Two multi-agency public meetings have been announced for the week of October 23rd in Washington, DC. The meetings, collaboratively hosted by the United States Food and Drug Administration (FDA), the Centers for Disease Control (CDC), and the U.S. Department of Agriculture (USDA), will review the National Antimicrobial Resistance Monitoring System (NARMS) and the use of whole genome sequencing (WGS) for analyzing bacterial isolates.

NARMS was established in 1996, and is a health surveillance program conducted by the FDA, CDC, and USDA in collaboration with state and local public health departments. Through NARMS, the three agencies monitor trends in antimicrobial resistance in intestinal bacteria samples collected from ill patients, retail meat, and food animals in the U.S. The NARMS public meeting will be held on October 24 and 25 at the USDA’s Jefferson Auditorium in Washington, D.C. The purpose of the meeting will be to discuss the NARMS program’s progress over the past three years, to present FDA Science Board review recommendations for the program, and to discuss potential opportunities for the program within the One Health initiative. Details on the meeting including an agenda and registration link may be found here.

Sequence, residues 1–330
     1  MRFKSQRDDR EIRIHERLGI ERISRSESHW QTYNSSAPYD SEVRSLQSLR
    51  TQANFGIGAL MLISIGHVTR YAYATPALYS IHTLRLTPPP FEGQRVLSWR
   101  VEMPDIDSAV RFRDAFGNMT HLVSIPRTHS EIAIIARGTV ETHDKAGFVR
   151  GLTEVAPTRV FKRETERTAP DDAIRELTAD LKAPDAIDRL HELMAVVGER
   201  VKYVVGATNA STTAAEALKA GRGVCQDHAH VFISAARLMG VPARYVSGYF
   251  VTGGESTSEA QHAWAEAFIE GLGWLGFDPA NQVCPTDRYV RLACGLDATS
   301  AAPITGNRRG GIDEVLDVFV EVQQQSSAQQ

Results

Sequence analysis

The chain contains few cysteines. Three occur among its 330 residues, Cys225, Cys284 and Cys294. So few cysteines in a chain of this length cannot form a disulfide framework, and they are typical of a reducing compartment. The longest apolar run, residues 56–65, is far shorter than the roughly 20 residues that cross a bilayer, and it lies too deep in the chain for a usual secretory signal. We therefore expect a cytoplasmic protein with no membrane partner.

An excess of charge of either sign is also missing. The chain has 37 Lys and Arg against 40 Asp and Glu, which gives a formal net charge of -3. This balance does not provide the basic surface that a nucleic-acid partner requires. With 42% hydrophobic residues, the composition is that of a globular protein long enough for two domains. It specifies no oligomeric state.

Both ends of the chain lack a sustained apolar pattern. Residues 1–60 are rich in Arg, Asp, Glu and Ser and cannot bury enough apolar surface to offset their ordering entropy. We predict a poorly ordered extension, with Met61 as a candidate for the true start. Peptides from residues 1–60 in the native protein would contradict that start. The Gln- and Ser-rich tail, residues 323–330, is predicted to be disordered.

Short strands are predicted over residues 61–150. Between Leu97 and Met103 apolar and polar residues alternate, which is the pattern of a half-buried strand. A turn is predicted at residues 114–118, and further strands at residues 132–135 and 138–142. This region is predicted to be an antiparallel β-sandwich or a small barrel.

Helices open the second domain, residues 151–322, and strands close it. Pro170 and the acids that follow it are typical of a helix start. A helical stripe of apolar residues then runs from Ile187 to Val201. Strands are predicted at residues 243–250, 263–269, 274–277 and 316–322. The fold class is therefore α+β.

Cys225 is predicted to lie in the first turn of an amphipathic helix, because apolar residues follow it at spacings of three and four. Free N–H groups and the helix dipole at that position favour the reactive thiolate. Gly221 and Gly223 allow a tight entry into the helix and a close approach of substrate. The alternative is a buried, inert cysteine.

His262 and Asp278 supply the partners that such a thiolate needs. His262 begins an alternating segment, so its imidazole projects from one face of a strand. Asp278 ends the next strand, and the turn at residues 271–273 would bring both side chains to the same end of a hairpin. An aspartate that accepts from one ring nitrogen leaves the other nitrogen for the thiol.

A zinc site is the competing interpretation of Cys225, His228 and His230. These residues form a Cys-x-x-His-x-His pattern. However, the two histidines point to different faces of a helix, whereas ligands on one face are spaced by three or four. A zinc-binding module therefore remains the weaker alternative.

The public meeting on whole genome sequencing will be a discussion of how WGS is currently used to analyze bacterial isolates, the status of the science involved in WGS, and future plans for collecting and analyzing WGS data. WGS data is currently submitted to a public, federal database by the Food Safety and Inspection Service as well as health and regulatory officials. This information is used for coordination on food safety and public health issues. The WGS public meeting will be held on October 26 and 27 in Washington, D.C., and pre-registration will be required by October 22. Further information on registration, as well as an agenda for the meeting, may be found here.